The History of Cotton Production

The origins of cotton production and use go back to ancient times. The first evidence of cotton use was found in India and Pakistan, and dates from about 6,000 B.C. Scientists believe that cotton was first cultivated in the Indus delta.

The species used in ancient South Asia were Gossypium herbaceum and Gossypium arboretum which originated in India and Africa. At a later date cotton production spread to Mesopotamia, Egypt and Nubia. It was only in the 1st century, when Arab traders brought their cotton products to Italy and Spain, that the fiber was introduced in Europe. During the late medieval time, cotton also became known in northern Europe.

By the end of the 16th century, cotton was already cultivated throughout the warmer regions in Asia and America. The newly discovered species were introduced to Africa in the 18th century and later spread to India, Pakistan and China, where they replaced traditional varieties.

The Industrial Revolution brought about the invention of the spinning machine (1738) and the cotton gin (1793), providing a great boost to cotton manufacture, first of all in England. Manchester acquired the nickname “cottonopolis” due to the cotton industry’s omnipresence within the city.

Till the middle of the 19th century, India was the main provider of cotton fiber for Europe’s cotton industries. By then, cotton had become the backbone of the southern North American economy, which was essentially based on slavery work. Due to the higher quality of American cotton (longer and stronger fibers) and its cheaper price, European textile manufacturers started purchasing cotton from American plantations.

In China, today’s ICE Futures U.S. (formerly the New York Board of Trade, New York Cotton Exchange)world largest cotton producer, cotton was introduced about 2000 years ago. In the late 1970ties, the Chinese Government took measures to encourage cotton production by subsidizing inputs and offering procurement funds. As a consequence, cotton production rose from 10 million bales in 1979 to nearly 29 million bales in 1984 (1 bale = 500 lbs or 226.8 kg).


Cotton is a basic necessity of every one’s life. It plays a very vital role in the Indian economy. It is generally termed as a major cash crop of India. It sustains the Indian cotton textile industry, which constitutes the single largest segment of organized industries in the country.

It provides gainful employment to millions of people from cotton background engaged in harvesting, plucking, and marketing, ginning and pressing of cotton. It is among the leading crops since it is labour-intensive, particularly as it needs season-long plant protection measures and also because it is harvested not once, as in the case of most other crops, but four of five times in a season. It also contributes substantially to the country’s foreign trade. More importantly, it is the highest earner of net foreign exchange, contributing over 30% from textile industry, which is fully dependent on Indian Raw Cotton. The economic significance of cotton and cotton industry in India is so great that Mahatma Gandhi based his freedom movement on cotton economics. It also made late Pdt. Jawaharlal Nehru, the first Prime minister of Independent India to observe thus:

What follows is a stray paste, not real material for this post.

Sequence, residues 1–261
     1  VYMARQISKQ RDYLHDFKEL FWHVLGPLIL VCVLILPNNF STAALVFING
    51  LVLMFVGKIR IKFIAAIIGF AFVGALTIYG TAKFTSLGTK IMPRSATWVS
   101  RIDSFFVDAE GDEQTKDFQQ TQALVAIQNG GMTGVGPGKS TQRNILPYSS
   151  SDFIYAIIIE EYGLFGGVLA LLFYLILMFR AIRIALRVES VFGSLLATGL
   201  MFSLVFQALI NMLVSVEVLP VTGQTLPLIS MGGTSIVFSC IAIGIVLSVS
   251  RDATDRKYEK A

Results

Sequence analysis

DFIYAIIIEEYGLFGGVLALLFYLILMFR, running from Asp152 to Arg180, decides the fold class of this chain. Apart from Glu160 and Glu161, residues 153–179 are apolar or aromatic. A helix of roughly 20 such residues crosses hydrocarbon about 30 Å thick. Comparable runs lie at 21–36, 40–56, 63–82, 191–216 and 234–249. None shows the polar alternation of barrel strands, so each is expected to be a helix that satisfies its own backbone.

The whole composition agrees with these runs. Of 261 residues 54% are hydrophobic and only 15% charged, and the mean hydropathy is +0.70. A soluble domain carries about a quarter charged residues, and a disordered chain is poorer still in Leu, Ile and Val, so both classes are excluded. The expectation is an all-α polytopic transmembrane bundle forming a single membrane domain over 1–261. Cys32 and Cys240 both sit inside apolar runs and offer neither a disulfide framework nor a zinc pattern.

“The History of cotton and of textiles is not only the history of the growth of modern industry in India, but in a sense it might be considered the history of India during the past one hundred years.”
The dominant role of cotton in the country’s economy is known at all. Apart from being the provider of a basic necessity of life that is clothing, next only to food, cotton also contributes in no small measure to the country’s foreign exchange earnings by the way of exports in the form of raw cotton, intermediate products such as yarn and fabrics to ultimate finished products in the form of garments, made ups and knitwear. It provides livelihood to the millions of people of the country. In short, cotton is a commodity of vital importance in our national economy. It is however strange that precise estimate of the crop of such economic importance is difficult to obtain in view of conflicting figures of the crop given out by different agencies. This puts in jeopardy decision-making with reference to export/import by the government and other decisions.

Cotton Cultivation in India: Conditions, Types, Production and Distribution

Cotton is the most important fibre crop not only of India but of the entire world. It provides the basic raw material (cotton fibre) to cotton textile industry  

Its seed (binola) is used in vanaspati industry and can also be used as part of fodder for milch cattle to get better milk.

Conditions of Growth:

Cotton is the crop of tropical and sub-tropical areas and requires uniformly high temperature varying between 21°C and 30°C. The growth of cotton is retarded when the temperature falls below 20°C. Frost is enemy number one of the cotton plant and it is grown in areas having at least 210 frost free days in a year.

The modest requirement of water can be met by an average annual rainfall of 50- 100 cm. However, it is successfully grown in areas of lesser rainfall with the help of irrigation. About one-third of the total area under cotton cultivation is irrigated. In the year 1988-89 an area of 24 77 lakh hectares out of a total of 73.43 lakh hectares i.e. 33.73 per cent of the total area under cotton was irrigated.